“The caliber of personnel the FBI has sent to the NA has been outstanding,” says FBI Seattle’s training coordinator, Special Agent Colleen Sanders. “It benefits the community to have graduates come back together through the FBINAA and continue to share their expertise with each other.”
“The networking we do at these training sessions have created partnerships that would have never existed,” says Commander Scott Child of the Kennewick Police Department. “Located in our department’s space, we now have an FBI Violent Gang Task Force that came to fruition due to contacts made through the Washington FBINAA Chapter.”
The FBINAA Washington Chapter will continue to grow because FBI Seattle each year nominates additional participants for the NA. Participants join over 250 fellow law enforcement officers from around the country and around the world for ten weeks of vigorous training at the FBI Academy in Quantico, Virginia. NA students take courses focused on leadership development that emphasize critical thinking. Course offerings include legal issues, behavioral science, forensic science, law enforcement communication, and fitness. (Read more about the National Academy.)
Five Washington state law enforcement officers will attend the first of four NA sessions in 2012: Assistant Chief William Pierson, Auburn Police Department; Deputy Chief Bradley Moericke, Sumner Police Department; Commander David King, Vancouver Police Department; Sergeant Lyman Moores, Clallam County Sheriff’s Office; and Deputy Chief Carlos Echevarria Tulalip, Tribal Police Department.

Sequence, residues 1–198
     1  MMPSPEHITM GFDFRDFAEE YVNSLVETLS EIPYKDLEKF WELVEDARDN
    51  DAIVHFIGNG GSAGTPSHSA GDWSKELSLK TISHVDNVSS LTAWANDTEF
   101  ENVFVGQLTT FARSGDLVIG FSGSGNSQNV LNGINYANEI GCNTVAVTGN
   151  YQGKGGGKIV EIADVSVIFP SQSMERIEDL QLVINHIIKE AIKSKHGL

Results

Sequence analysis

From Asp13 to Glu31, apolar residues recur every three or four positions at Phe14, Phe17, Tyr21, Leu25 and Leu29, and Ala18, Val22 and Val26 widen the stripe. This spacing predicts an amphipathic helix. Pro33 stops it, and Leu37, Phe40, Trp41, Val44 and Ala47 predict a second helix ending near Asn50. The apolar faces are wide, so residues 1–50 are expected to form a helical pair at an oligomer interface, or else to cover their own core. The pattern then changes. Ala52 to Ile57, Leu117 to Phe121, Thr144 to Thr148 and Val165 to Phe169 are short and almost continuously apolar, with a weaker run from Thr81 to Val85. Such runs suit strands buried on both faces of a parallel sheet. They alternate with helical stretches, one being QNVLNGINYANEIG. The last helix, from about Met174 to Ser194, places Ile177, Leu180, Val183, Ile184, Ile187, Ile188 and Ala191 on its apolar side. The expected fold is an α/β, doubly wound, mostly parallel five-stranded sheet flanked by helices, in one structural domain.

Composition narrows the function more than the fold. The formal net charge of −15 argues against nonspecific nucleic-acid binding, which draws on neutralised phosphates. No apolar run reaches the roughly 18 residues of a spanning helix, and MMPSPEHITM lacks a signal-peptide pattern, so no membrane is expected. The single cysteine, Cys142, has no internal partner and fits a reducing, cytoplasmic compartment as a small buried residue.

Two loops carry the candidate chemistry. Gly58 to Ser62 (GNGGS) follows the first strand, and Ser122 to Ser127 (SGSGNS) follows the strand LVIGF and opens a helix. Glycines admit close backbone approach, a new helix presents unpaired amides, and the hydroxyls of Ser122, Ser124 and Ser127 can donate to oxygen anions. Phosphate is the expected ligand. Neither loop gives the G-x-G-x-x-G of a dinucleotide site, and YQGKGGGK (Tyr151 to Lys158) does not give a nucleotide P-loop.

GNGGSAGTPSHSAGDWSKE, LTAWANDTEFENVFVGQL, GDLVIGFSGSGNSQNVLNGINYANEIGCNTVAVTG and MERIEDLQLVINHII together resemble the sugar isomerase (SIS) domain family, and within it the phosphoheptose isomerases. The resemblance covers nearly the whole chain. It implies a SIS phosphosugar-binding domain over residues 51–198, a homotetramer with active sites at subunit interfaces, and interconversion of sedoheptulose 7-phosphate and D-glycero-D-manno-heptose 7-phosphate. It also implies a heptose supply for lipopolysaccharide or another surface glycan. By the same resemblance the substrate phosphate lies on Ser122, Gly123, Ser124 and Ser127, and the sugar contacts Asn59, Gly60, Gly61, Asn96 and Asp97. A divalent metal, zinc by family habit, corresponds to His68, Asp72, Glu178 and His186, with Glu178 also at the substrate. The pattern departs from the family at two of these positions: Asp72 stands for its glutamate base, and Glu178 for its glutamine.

|Incoming NA participant Carlos Echevarria introduces himself to the FBINAA chapter. The chief of Echevarria’s department is an NA grad who “especially recommended the leadership classes,” Echevarria says. “I also look forward to keeping in touch with classmates after the academy.”|
“Officers who attend the NA are given a great gift,” says NA graduate Chief Bonnie Bowers of the Anacortes Police Department, reflecting on what she would tell incoming NA participants. “I thought of my time there as a sabbatical. It was a time to recharge, gain knowledge and skills, challenge myself, and reaffirm my commitment to my department.”
“I would encourage anyone given the opportunity to go, to do so and make the most of the experience,” says Bowers.
Given the high recommendation by Bowers and many others, the incoming Washington state NA participants appear to have powerful experiences ahead of them. And given the FBINAA’s mission to continue learning and strengthening networks of colleagues, the academy itself seems to be just the beginning.
|The FBINAA is also active in promoting the development of future leaders through the Youth Leadership Program (YLP). FBI Seattle Special Agent in Charge Laura Laughlin congratulates Sarah Fick at the annual luncheon following the December 2 training. The FBINAA Washington chapter selected Fick among many accomplished teenaged candidates, and she represented her state at the 2011 YLP Academy at Quantico, Virginia. (Read more about the Youth Leadership Program.)|